Earlier this year, Congress passed the American Rescue Plan, a stimulus package designed to facilitate recovery from the economic impact of COVID-19. Among the many benefits of the bill, one stands out: the temporary increase to the Child Tax Credit (CTC). The CTC and the Earned Income Tax Credit have been the principal tax policy assisting low-income households with children. However, the latest, albeit temporary, iteration of the CTC accomplishes much more. The most obvious benefit is the immediate reduction in the poverty rate. However, the passage of this bill represents more. The increased credit amount allows working parents to choose whether to work more or even less: parents are provided greater autonomy to determine what’s best for their family. Additionally, the advance payments of the CTC represent a considerable step in the direction of a Universal Basic Income (UBI) type system.

The Child Tax Credit

The CTC began in 1997 as part of the Taxpayer Relief Act. Initially, the credit was $400 per child and was generally nonrefundable. A year later, it was increased to $500 per child. The first significant change to the CTC came in 2001 when the credit was made refundable. A refundable tax credit creates the possibility of negative tax liability. This allows any excess credit to be returned in a refund the following year. The next significant change was ushered in by the American Taxpayer Relief Act of 2012, which increased the CTC from $500 per child to $1,000 per child.

The Tax Cuts and Jobs Act of 2017 (TCJA) temporarily increased the CTC through 2025 and raised the credit from $1,000 to $2,000 per child. Additionally, the refundable portion of the credit was limited to $1,400 per child and allowed a nonrefundable credit for qualified dependents. Unless extended by Congress, the CTC will revert to $1,000 per child, and other dependents would no longer be eligible beginning in 2026.

In 2021, Congress put into effect the most expansive increase to the CTC to date. In its current form, American citizens can claim up to $3,600 per child under six years old and $3,000 per child ages six to seventeen. There is no cap for families with multiple children, and the credit is fully refundable. Regardless of how much low-income families earn, they receive the maximum amount with a phaseout beginning at $112,500 for single parents and $150,000 for married couples. A visual representation from the Tax Policy Center shows the difference between the 2021 and TCJA credits.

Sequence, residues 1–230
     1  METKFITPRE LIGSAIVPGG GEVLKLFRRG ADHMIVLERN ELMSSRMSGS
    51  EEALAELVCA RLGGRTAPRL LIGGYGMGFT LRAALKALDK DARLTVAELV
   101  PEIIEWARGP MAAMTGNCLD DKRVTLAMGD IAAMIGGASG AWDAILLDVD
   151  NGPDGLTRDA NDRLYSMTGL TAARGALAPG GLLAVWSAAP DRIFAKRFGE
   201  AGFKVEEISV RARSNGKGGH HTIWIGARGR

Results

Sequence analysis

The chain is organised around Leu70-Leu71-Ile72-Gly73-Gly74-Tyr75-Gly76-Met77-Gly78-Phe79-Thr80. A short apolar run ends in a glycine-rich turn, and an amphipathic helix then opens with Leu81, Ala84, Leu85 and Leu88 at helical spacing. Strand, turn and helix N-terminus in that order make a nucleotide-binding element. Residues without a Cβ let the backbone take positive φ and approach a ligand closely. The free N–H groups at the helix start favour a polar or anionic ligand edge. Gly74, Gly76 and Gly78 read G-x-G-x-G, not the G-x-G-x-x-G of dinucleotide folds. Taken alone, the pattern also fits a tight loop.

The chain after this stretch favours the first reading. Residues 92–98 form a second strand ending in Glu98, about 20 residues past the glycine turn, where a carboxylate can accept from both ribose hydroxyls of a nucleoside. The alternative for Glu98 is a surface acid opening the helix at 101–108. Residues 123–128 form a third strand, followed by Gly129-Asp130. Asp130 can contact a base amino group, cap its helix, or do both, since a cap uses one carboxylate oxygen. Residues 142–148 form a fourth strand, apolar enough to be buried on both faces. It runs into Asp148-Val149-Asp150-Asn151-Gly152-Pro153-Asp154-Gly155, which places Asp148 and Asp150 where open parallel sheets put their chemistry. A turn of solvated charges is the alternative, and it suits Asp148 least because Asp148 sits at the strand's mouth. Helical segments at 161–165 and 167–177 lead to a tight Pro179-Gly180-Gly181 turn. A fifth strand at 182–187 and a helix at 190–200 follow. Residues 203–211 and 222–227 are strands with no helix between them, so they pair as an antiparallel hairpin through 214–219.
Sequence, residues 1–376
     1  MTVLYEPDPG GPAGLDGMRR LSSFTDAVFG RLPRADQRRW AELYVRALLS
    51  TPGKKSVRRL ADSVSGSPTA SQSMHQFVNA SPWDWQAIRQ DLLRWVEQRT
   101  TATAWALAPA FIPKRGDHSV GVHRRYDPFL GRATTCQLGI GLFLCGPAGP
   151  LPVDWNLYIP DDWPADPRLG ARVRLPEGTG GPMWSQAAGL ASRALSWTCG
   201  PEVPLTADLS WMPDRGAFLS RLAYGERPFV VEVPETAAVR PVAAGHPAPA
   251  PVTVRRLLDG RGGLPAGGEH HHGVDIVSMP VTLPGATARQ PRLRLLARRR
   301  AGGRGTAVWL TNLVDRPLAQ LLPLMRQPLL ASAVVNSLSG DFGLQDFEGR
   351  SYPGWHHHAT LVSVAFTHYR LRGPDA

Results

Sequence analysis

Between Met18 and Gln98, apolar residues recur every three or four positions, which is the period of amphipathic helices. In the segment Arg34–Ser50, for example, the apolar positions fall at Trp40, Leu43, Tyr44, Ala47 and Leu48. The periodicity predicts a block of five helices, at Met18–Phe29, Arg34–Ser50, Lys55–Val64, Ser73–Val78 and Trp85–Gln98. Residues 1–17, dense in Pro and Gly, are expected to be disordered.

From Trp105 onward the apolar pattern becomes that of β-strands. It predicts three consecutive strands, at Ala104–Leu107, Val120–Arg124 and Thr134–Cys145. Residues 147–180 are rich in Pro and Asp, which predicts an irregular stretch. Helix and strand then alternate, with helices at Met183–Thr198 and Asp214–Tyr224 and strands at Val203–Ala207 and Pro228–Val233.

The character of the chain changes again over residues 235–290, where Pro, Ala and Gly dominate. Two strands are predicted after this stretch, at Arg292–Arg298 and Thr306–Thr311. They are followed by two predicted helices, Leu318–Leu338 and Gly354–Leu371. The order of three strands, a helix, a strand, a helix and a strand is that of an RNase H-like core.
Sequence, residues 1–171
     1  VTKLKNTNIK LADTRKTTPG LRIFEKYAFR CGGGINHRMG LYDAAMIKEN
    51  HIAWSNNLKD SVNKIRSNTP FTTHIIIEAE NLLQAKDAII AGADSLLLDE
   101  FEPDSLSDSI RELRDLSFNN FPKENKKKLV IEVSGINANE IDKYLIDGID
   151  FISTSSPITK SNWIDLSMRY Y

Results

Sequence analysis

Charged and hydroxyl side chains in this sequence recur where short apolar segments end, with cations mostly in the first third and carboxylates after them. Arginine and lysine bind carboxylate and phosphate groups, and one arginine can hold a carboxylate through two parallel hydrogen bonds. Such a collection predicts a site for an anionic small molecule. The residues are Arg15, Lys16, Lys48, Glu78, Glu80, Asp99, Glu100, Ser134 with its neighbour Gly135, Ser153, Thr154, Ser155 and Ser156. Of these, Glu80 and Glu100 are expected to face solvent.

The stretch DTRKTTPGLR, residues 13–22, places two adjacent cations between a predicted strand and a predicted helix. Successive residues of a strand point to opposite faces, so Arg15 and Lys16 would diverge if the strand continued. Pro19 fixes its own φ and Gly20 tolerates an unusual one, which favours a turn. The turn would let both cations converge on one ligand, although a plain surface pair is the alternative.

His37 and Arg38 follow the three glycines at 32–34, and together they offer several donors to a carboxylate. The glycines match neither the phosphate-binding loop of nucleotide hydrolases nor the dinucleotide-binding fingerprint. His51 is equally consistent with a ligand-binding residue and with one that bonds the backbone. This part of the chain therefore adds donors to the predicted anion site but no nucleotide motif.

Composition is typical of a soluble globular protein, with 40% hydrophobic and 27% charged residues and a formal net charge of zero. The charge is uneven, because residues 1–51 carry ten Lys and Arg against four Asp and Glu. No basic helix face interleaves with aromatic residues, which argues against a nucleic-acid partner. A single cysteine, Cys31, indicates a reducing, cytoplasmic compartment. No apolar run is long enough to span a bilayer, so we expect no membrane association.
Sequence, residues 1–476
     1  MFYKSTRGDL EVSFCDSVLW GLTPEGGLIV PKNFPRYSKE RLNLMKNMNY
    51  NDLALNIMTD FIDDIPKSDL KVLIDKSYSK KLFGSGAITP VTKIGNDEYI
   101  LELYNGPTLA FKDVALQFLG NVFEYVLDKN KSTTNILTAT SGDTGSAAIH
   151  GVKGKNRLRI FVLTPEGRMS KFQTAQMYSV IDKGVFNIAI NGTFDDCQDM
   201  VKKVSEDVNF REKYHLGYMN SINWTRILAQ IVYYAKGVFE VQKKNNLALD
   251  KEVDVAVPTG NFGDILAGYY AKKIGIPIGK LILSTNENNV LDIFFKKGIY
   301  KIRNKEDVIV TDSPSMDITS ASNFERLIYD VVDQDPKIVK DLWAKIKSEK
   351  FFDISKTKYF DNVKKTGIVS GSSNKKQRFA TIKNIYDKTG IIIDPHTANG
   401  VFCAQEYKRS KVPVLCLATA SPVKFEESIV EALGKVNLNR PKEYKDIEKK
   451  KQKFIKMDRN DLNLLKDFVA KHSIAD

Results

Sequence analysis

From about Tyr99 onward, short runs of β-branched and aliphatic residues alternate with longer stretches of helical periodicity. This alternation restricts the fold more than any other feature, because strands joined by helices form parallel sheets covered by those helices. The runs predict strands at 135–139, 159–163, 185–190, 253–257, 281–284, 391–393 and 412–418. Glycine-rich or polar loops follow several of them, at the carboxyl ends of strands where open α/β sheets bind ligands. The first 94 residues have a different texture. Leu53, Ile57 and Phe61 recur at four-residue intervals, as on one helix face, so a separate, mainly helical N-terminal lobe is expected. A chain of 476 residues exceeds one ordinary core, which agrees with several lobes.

The Underlying Benefits of the 2021 CTC

The 2021 CTC positives are obvious, but three main benefits make this update one of the most impactful changes in tax policy.

First, the cash payment structure of the credit immediately reduces child poverty. Instead of receiving the credit as a lump sum in a tax return the following year, the Internal Revenue Service provides half of the refundable credit as periodic advance payments. Families will then be able to claim the other half of the credit when they file their taxes in 2022. After the deposits began in July, a Columbia University study found that the updated CTC immediately lifted over three million children out of poverty. This reduction represents about a 40% reduction in the monthly child poverty rate. Expanding on poverty reduction further, a paper published in September found that the initial payments led to a 25% drop in food insufficiency among low-income households with children. Research shows that children who grow up in poverty face substantial hardships in education and are more likely to be charged with a felony.